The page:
Fort Laramie's Struggle with Typhoid Fever, 1871-1889.
Annals of Wyoming
Vol. 83, No. 3
This article is simultaneously one of the most illuminating, fascinating, and icky articles on Army life I've ever read. It explores, in clear, concise language, with just the right number of facts and figures, how disease was rampant in the 18th and 19th Century Army, and why (ick). About 1/4 of the article just explores sanitary conditions, the Miasmatic Theory of Disease, and the Germ Theory of Disease, as they relate to the 18th and 19th Century Army in general, with the remaining portion of the article dealing with the appalling practice of digging wells and privies on the grounds of Ft. Laramie. Indeed, as the article relates, by the late 19th Century when Army doctors were fully appreciative of the germ theory of disease the ground at Ft. Laramie was so funkified, it provided part of the reason for abandoning the fort.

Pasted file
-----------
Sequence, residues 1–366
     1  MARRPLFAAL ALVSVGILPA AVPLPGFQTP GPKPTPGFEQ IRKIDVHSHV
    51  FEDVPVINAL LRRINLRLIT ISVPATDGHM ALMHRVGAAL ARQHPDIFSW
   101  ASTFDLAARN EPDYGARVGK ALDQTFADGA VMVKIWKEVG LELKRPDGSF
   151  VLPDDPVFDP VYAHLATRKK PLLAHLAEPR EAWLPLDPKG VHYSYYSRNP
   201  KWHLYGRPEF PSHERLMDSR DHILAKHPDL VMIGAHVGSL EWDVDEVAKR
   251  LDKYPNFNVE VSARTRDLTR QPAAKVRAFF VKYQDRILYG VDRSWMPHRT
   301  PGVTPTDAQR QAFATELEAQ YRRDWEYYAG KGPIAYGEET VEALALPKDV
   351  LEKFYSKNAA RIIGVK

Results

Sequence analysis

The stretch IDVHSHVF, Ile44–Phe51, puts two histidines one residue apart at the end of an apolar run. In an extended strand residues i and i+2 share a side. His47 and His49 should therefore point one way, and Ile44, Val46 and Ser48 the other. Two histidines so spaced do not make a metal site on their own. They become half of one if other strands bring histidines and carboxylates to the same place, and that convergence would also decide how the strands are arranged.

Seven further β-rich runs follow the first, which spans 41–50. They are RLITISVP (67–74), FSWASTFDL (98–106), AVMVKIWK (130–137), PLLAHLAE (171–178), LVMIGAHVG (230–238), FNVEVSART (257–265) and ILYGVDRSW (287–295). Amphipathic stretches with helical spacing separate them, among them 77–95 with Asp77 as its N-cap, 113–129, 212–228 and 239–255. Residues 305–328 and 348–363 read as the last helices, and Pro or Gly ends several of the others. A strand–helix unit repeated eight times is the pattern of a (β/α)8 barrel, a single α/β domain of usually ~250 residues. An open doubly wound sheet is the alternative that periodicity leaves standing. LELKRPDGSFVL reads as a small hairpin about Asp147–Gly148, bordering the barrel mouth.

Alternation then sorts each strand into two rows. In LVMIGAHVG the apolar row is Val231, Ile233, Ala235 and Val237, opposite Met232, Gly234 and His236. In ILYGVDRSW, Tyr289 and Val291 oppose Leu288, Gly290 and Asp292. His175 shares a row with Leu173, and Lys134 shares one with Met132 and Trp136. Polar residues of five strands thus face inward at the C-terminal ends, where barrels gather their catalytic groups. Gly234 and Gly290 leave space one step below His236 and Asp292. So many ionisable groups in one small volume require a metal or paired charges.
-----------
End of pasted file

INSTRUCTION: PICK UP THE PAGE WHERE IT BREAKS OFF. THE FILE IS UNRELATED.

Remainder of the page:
An example of the conditions:
"So many pits have been built, filled, and replaced behind the barracks that the ground has become thoroughly saturated in the vicinity making the digging of new replacement pit toilets behind the barracks difficult". Dr. Caldwell quote at page 21.
Indeed, as related, the situation was so bad, that even early piping put in to deliver water to some structures couldn't do so safely without being contaminated by old privies and stable effluent.
Very interesting article, and not limited to just Ft. Laramie. Provides a very interesting look at a horrifying aspect of Frontier service that's not often looked at.
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